Wednesday, August 28, 2013

Flowers & Gardens of Sackets Harbor, New York

This is their village-operated public dock and boat launch area.
Sackets Harbor, New York

Sackets Harbor is a quaint little village on the eastern end of Lake Ontario about 65 miles north of Syracuse, New York.

Sackets Harbor was very significant in the War of 1812. Following the outbreak of the war, Sackets Harbor became an important military site for the American Naval and military forces for the St. Lawrence Valley and Lake Ontario.

Today the Village of Sackets Harbor has been enhanced with beautiful trees and gardens that line their streets. The stores and shops have also reflected this theme in their plantings of various perennials and annuals. The Sackets Harbor Fire Department Ladies Auxiliary have hosted a garden tour of homes the last few years benefiting their local Volunteer Fire Department.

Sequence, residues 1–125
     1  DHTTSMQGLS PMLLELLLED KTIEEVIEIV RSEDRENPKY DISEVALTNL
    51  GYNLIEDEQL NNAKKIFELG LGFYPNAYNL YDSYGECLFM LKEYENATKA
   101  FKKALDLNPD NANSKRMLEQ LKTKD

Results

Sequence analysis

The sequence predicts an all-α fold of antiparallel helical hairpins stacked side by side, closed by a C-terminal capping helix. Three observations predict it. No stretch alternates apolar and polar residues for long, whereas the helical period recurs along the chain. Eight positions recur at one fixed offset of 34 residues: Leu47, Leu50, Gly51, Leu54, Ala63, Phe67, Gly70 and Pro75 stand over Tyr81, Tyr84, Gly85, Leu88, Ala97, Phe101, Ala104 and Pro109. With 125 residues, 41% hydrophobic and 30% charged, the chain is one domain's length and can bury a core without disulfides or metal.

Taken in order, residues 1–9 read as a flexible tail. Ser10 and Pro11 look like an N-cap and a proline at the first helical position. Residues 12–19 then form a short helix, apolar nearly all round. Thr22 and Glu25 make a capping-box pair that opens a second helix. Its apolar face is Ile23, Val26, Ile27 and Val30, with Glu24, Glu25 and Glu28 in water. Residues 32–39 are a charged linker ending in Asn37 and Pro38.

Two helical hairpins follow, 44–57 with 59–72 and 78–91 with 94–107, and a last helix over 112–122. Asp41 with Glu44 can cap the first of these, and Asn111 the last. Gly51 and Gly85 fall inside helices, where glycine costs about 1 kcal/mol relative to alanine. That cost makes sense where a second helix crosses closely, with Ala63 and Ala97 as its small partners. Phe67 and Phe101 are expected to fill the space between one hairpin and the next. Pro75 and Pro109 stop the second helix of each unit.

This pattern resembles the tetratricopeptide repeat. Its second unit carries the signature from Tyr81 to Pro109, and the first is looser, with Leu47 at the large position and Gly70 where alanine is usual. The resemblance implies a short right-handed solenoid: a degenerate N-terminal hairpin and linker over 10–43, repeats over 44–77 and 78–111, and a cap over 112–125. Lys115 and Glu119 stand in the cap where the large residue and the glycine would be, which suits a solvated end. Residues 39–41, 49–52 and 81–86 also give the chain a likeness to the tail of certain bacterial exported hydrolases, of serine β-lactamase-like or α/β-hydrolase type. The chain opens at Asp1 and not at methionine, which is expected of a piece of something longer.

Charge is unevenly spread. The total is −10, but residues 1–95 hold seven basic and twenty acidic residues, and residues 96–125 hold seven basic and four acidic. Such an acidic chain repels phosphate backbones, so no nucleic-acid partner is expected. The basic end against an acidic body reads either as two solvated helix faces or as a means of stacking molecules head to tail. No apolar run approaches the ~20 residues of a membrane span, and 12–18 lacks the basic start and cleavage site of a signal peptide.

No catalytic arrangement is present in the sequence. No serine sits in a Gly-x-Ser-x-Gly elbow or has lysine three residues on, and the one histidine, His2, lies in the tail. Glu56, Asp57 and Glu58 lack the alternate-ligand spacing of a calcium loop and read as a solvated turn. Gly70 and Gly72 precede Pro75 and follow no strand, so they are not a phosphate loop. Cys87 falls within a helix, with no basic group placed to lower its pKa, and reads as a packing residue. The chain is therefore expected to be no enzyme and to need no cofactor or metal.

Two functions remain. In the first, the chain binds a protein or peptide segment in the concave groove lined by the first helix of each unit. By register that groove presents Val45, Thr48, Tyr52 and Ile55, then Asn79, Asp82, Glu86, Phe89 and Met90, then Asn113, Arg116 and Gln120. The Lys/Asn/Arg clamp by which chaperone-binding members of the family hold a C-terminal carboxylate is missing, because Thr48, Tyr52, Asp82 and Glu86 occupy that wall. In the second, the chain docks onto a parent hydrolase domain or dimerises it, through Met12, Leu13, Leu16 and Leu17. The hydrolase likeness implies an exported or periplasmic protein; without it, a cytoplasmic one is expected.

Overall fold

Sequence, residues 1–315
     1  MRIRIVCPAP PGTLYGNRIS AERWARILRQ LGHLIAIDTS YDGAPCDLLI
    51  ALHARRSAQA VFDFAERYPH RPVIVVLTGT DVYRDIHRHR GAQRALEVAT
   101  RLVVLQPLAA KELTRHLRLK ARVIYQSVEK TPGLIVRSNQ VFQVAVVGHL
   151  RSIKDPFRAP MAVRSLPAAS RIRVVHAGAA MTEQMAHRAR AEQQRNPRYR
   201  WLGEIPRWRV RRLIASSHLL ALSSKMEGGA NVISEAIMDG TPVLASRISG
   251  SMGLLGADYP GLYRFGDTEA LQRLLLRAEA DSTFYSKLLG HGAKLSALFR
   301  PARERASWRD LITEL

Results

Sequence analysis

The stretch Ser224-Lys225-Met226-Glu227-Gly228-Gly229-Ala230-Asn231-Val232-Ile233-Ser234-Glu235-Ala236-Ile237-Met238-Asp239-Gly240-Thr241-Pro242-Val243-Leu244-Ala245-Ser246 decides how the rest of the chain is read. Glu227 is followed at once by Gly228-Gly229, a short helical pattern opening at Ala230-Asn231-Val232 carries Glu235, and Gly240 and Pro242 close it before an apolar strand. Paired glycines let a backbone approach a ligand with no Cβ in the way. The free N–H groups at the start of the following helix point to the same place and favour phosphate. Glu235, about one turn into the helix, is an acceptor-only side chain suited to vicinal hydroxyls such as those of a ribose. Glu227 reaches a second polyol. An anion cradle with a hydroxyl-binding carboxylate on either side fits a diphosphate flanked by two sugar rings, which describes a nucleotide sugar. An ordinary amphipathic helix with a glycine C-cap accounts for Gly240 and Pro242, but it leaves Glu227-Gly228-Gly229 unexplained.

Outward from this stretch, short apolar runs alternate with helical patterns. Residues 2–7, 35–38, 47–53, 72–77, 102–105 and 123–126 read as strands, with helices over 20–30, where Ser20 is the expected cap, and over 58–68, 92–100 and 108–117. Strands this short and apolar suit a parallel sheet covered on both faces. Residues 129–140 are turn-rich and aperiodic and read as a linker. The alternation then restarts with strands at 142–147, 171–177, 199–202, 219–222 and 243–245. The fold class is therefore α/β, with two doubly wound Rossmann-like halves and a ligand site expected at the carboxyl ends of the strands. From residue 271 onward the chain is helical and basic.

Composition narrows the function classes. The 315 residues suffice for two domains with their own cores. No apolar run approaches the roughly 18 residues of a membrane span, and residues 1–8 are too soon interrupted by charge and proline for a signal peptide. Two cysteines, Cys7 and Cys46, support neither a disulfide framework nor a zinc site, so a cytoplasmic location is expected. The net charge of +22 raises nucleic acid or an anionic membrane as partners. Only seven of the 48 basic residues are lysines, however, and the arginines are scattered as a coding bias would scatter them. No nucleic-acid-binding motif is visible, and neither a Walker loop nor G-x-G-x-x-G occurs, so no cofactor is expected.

Here is a link to the Village's website:
There are two very nice videos on this website if you would like more information on the village.

The Village won an award in the 2011 America in Bloom contest. Here is a link with information on the award winners: 2011 America in Bloom Awards

Here is a view of the village in pictures.

A view of the gazebo overlooking the harbor.
One of the houses on West Main Street.

I just love their hanging baskets on the lights.
This beautiful urn is outside the Seaway Trail Headquarters.
Fairy Garden Houses outside one of the shops (Handmaiden's Garden).

Another view of the public dock. 

Additional Information

New York State Office of Parks, Recreation & Historic Preservation Sackets Harbor website:

Sackets Harbor Battlefield Alliance Website:

New York History Blog - The Great Rope:

Sackets Harbor participated in the 2012 International Peace Garden Foundation. Website:

Sackets Harbor is the hometown of "Funny Cide" the famous gelding owned by Sackatoga Stable. In 2003 he won the first two races in the Triple Crown- the Kentucky Derby and the Preakness Stakes.

The Village is also the setting for the American Girl's Caroline Abbott stories (and doll), which took place during the War of 1812.